A National Center for Health Statistics study release earlier this year points a very grim picture when it comes to the prevalence of heart disease among the population of the U.S.
The study concluded that nearly half of the U.S. population has at least one of three diagnosed or undiagnosed chronic conditions -- high blood pressure, high cholesterol, or diabetes. Additionally, the study showed that nearly 15% of adults had two of these conditions. All three of the conditions increase the risk for cardiovascular disease, a condition that affects more than 81 million Americans and accounts for one out of every three deaths in the U.S.
While the study went into great detail examining how these three conditions have affected the population across ethnic and racial groups, the fact is that we are facing a real threat of an epidemic of cardiovascular diseases in this country. While great medical advances have been made in technology and research, it ultimately is up to each of us to make sure that we are leading healthy lives.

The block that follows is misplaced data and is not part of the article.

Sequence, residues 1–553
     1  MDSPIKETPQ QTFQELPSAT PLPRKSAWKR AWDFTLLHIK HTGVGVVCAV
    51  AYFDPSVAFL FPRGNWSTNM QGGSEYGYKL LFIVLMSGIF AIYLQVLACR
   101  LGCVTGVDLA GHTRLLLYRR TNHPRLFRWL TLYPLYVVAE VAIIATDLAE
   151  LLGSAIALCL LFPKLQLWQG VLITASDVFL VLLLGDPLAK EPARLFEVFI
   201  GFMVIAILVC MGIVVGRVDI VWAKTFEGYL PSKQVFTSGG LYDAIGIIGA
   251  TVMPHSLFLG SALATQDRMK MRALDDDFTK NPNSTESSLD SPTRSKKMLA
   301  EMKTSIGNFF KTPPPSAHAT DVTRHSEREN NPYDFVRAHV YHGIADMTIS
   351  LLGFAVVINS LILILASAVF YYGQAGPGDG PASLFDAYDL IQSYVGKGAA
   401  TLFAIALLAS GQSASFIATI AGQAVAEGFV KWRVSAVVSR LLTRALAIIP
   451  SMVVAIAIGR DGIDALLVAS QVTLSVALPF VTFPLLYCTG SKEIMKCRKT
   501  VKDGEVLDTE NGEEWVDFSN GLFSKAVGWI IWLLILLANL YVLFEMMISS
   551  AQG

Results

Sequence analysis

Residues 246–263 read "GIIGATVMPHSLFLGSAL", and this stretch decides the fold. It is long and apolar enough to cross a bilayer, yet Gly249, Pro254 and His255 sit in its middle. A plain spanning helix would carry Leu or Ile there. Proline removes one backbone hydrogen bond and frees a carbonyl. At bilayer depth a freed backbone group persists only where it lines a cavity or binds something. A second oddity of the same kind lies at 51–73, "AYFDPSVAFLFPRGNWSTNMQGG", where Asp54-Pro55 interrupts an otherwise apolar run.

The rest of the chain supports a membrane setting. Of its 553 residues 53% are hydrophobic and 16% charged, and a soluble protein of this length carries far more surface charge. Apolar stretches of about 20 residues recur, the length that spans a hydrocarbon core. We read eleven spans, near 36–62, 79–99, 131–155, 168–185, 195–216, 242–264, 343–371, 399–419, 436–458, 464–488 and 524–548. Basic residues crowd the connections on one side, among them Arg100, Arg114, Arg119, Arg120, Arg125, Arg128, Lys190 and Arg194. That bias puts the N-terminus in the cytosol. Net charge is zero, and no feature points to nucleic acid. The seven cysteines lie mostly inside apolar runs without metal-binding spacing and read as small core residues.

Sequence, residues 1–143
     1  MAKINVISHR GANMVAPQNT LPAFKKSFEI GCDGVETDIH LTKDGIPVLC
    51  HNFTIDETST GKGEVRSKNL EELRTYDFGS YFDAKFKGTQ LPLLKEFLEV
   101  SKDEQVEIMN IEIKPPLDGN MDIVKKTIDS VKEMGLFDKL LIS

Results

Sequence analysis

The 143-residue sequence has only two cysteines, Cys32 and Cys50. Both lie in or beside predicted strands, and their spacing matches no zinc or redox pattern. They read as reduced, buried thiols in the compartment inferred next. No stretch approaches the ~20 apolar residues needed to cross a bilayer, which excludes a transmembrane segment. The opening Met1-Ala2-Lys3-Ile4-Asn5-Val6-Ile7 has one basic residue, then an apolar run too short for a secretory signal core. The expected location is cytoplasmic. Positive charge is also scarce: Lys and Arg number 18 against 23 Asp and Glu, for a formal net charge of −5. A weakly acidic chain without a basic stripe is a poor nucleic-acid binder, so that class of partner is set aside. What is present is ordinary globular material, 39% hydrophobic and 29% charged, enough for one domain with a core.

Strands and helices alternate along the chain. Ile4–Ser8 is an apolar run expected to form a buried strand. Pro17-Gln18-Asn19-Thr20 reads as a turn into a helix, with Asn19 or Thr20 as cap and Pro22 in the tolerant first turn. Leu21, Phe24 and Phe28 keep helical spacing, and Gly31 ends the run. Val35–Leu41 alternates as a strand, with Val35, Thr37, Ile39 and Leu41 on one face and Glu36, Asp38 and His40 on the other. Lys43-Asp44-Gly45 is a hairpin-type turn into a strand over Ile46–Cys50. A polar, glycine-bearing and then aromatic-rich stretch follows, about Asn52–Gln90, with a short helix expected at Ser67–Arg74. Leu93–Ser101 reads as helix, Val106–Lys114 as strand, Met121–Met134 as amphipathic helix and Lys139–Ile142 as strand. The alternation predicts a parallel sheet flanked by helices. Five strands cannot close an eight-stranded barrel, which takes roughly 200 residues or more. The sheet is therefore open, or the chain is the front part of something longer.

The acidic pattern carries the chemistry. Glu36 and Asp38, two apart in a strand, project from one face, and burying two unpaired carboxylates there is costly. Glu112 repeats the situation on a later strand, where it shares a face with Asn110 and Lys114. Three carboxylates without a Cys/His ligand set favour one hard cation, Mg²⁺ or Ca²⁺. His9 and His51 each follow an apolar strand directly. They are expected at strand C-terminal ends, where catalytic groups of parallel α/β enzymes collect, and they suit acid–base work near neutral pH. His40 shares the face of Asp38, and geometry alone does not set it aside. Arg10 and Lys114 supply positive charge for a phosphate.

With the holiday season fast approaching it is important remind ourselves how the foods we consume affect our overall health, especially our heart health. While an article in the New York Times in 2007 reported that the average weight gain during the holidays is only about one pound, the bad news is that that one pound will never go away and that for those that are already considered overweight, the average weight gain is actually much higher (five pounds or more.) This can raise the likelihood of obesity for many, which will accentuate the gravity of all three chronic conditions listed above.
The high sugar, high sodium, and high fat goodies that are readily available during the holidays are a real temptation that can be hard to pass up (believe me, I know!). Especially during the holidays practicing moderation in our eating habits is important, and remember that eating slower will help your stomach realize that it is full sooner. Finally, when it comes to that big turkey dinner next week get out for a nice pre and post-dinner walk - both your stomach and heart will thank you for it!
Published On: November 19, 2010